Lucas Jenß

The Atmel SAM R21

Setting up a RIOT development environment

For the internet of plants, we have decided to use the Atmel SAM R21, a Cortex M0 based platform with an on-board IEEE 802.15.4 wireless module, to monitor our green friends. This post explains the general process of setting up a development environment for RIOT applications on Ubuntu 14.10, taking into account the peculiarities of the SAM R21 board.

Package requirements

The following packages are needed to build the necessary tools and the RIOT application:

  • General: git, pkg-config, autoconf, libtool, unzip
  • OpenOCD: libudev-dev, libusb-1.0-0-dev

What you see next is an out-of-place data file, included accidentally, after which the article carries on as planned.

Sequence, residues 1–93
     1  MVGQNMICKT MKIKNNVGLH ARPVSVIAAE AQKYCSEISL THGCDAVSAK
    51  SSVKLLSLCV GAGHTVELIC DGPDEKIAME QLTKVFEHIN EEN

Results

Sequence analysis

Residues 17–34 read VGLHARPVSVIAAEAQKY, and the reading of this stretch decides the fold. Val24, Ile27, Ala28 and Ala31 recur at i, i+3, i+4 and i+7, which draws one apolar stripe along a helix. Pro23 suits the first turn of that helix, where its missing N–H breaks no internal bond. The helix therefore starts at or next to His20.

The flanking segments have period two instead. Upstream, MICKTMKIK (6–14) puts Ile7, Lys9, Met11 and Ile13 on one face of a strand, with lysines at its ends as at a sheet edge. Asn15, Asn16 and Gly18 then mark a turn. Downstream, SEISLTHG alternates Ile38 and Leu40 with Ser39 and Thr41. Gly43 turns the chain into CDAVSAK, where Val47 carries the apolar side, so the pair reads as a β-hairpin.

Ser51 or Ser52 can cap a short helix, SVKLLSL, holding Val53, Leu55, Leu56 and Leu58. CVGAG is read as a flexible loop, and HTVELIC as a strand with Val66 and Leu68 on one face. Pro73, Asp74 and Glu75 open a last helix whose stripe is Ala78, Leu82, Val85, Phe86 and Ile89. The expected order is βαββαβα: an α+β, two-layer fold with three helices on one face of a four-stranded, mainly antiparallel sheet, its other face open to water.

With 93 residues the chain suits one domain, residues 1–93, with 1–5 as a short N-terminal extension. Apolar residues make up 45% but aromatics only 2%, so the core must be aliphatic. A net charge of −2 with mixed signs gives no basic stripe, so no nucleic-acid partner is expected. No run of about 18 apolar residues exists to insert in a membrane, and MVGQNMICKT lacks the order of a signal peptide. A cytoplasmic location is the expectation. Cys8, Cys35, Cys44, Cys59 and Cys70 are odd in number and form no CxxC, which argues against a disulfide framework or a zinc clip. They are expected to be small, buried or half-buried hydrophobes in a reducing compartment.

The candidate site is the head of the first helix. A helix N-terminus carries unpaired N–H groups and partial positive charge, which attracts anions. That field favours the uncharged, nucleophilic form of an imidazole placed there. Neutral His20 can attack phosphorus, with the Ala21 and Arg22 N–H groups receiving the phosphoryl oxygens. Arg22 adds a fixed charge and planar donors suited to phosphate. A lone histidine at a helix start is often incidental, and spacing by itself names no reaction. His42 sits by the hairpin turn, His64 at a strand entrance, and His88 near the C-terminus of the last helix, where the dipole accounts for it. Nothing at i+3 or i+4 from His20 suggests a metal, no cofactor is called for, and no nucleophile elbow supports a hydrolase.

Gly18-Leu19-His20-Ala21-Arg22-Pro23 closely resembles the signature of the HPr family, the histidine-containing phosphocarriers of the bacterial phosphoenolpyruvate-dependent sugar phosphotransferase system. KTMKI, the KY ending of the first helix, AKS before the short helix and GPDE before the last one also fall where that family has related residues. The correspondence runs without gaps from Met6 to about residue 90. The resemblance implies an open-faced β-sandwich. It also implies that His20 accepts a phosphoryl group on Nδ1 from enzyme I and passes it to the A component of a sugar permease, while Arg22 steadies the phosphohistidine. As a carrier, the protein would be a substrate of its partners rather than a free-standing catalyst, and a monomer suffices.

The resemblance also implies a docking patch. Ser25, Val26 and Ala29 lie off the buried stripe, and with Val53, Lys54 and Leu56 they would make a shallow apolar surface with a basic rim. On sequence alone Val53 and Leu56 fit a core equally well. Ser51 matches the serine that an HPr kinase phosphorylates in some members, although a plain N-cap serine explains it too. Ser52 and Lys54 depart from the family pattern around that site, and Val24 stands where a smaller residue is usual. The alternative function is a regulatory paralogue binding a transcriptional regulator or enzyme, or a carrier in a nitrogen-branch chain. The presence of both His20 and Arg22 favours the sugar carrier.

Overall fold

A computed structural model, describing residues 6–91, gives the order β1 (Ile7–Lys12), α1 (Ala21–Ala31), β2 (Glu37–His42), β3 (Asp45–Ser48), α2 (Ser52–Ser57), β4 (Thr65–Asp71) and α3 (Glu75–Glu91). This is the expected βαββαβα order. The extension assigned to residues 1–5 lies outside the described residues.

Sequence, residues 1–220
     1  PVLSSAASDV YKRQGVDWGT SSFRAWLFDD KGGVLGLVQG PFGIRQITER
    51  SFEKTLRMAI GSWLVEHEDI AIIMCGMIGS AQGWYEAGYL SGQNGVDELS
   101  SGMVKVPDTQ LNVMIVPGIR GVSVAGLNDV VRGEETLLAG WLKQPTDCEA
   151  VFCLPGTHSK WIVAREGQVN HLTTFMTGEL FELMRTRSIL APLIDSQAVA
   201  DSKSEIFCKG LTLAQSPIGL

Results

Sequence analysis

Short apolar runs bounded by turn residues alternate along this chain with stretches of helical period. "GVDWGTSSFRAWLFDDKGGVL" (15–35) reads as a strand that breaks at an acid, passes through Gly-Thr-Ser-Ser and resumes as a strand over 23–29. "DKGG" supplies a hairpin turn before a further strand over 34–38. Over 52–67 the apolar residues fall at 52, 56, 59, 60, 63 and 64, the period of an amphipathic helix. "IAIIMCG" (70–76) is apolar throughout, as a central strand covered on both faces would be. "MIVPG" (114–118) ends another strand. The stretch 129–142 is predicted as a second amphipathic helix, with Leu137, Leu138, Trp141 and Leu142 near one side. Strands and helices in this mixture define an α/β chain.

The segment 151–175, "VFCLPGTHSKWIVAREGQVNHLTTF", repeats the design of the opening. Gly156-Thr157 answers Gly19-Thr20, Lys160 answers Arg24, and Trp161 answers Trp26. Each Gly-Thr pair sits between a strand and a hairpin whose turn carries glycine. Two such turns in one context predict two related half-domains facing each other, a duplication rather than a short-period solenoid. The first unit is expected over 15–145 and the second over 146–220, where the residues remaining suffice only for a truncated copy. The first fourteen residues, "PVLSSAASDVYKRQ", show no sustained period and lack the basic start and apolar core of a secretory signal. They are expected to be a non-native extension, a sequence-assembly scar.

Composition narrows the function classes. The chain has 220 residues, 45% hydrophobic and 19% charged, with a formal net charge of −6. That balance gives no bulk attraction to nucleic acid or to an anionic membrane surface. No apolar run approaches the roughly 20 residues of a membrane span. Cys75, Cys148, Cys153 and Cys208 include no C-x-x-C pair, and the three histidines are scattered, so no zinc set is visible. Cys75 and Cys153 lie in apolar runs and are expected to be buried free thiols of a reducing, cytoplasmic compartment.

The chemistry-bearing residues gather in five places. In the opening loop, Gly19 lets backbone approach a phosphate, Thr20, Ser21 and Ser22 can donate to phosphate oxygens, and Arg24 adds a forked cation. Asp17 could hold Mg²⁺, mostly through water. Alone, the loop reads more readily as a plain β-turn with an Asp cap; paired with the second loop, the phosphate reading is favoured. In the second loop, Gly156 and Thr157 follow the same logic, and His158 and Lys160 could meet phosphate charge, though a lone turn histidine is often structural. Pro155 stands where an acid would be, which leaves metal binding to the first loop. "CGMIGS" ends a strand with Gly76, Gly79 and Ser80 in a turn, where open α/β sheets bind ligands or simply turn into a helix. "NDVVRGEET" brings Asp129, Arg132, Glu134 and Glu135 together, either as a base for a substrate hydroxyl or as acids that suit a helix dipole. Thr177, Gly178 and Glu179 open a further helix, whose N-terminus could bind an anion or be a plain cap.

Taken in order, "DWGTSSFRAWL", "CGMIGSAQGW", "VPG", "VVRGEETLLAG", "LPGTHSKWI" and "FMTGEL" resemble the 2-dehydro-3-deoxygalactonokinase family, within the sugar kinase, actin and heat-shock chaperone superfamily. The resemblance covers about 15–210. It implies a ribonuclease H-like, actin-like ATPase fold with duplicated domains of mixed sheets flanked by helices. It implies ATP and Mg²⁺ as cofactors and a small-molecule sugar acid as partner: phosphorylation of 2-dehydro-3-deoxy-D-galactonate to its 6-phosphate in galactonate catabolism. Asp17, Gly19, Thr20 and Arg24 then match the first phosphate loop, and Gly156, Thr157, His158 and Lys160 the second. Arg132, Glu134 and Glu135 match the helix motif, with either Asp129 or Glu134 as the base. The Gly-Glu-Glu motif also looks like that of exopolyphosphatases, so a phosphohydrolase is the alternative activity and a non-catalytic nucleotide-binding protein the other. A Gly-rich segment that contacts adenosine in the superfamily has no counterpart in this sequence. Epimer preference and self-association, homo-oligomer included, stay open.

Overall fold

They can be installed through apt by running

sudo apt-get install git pkg-config autoconf \
    libudev-dev libusb-1.0-0-dev libtool unzip \

In addition it is recommendable to update Ubuntu to the latest version after installing, by invoking

sudo apt-get update &&
    sudo apt-get dist-upgrade

Warning: Running a dist-upgrade is a potentially destructive operation, so it is NOT recommended if you don’t have a dedicated installation of Ubuntu 14.10 for this excercise.

Building OpenOCD

The Open On-Chip-Debugger (OpenOCD) is used by the RIOT build system for flashing the application onto the board and to debug it. The current release (v0.8.0) of OpenOCD, however, does not contain configuration files for the SAM R21 board, so it has to be built from source. OpenOCD also requires hidapi, which is not available as a package on Ubuntu 14.10. The following script will clone, build and install hidapi if all goes well: